Most of us know smoking is not good for our health, increasing our risk of multiple cancers, heart disease and stroke. But now, a new large scale study has revealed it may also have a negative impact on our hearing.
According to the study of more than 50,000 participants over eight years, smoking is associated with increased risk of hearing loss as we age.
Even after adjusting for factors including occupational noise exposure, the researchers found smokers are 1.2 to 1.6 times more likely to develop hearing loss compared with people who have never smoked. This is the equivalent of smokers experiencing an increased risk of hearing loss ranging from 20% to 60%.
To establish whether there is a link between smoking and hearing loss, researchers analysed data from annual health checkups, which included audio testing performed by a technician, and a health-related lifestyle questionnaire completed by each participant.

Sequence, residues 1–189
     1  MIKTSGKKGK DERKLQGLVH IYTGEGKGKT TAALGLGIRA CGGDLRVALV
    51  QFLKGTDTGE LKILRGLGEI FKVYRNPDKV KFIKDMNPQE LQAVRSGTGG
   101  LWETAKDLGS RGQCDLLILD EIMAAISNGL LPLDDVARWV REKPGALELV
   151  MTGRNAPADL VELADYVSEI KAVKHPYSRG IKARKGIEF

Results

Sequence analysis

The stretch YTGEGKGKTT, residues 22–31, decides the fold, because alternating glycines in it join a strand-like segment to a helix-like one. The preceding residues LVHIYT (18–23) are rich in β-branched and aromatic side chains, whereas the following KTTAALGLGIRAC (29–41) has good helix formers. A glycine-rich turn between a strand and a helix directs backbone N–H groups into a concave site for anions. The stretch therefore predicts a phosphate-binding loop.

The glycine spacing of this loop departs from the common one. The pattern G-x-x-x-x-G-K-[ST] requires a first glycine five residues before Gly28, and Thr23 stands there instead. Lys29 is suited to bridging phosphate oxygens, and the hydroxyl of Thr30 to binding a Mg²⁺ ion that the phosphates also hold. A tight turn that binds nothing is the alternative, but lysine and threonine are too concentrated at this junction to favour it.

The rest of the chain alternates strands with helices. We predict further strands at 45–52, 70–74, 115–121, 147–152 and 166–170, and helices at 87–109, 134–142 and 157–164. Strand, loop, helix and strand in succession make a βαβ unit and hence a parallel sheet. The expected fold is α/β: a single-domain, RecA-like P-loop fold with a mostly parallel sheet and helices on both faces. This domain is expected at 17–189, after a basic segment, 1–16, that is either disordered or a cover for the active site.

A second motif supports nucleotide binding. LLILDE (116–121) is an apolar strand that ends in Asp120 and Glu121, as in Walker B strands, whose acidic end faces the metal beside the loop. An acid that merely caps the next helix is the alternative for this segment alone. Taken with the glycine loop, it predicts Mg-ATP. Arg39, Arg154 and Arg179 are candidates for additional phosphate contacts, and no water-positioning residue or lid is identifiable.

They analysed data on smoking status - such as ‘current smoker’, ‘former smoker’, and ‘has never smoked’- alongside the number of cigarettes smoked per day, the duration of smoking, and the extent of hearing loss.
They found the the risk of both high-frequency and low-frequency hearing loss increased with cigarette consumption. But thankfully, the damage appeared to be reversible. The increased risk of hearing loss decreased within five years after quitting smoking.
“With a large sample size, long follow-up period, and objective assessment of hearing loss, our study provides strong evidence that smoking is an independent risk factor of hearing loss,” said the study’s lead author Dr Huanhuan Hu of Japan’s National Centre for Global Health and Medicine.
“These results provide strong evidence to support that smoking is a causal factor for hearing loss and emphasise the need for tobacco control to prevent or delay the development of hearing loss.”
The study is published in the journal Nicotine & Tobacco Research, published by Oxford University Press.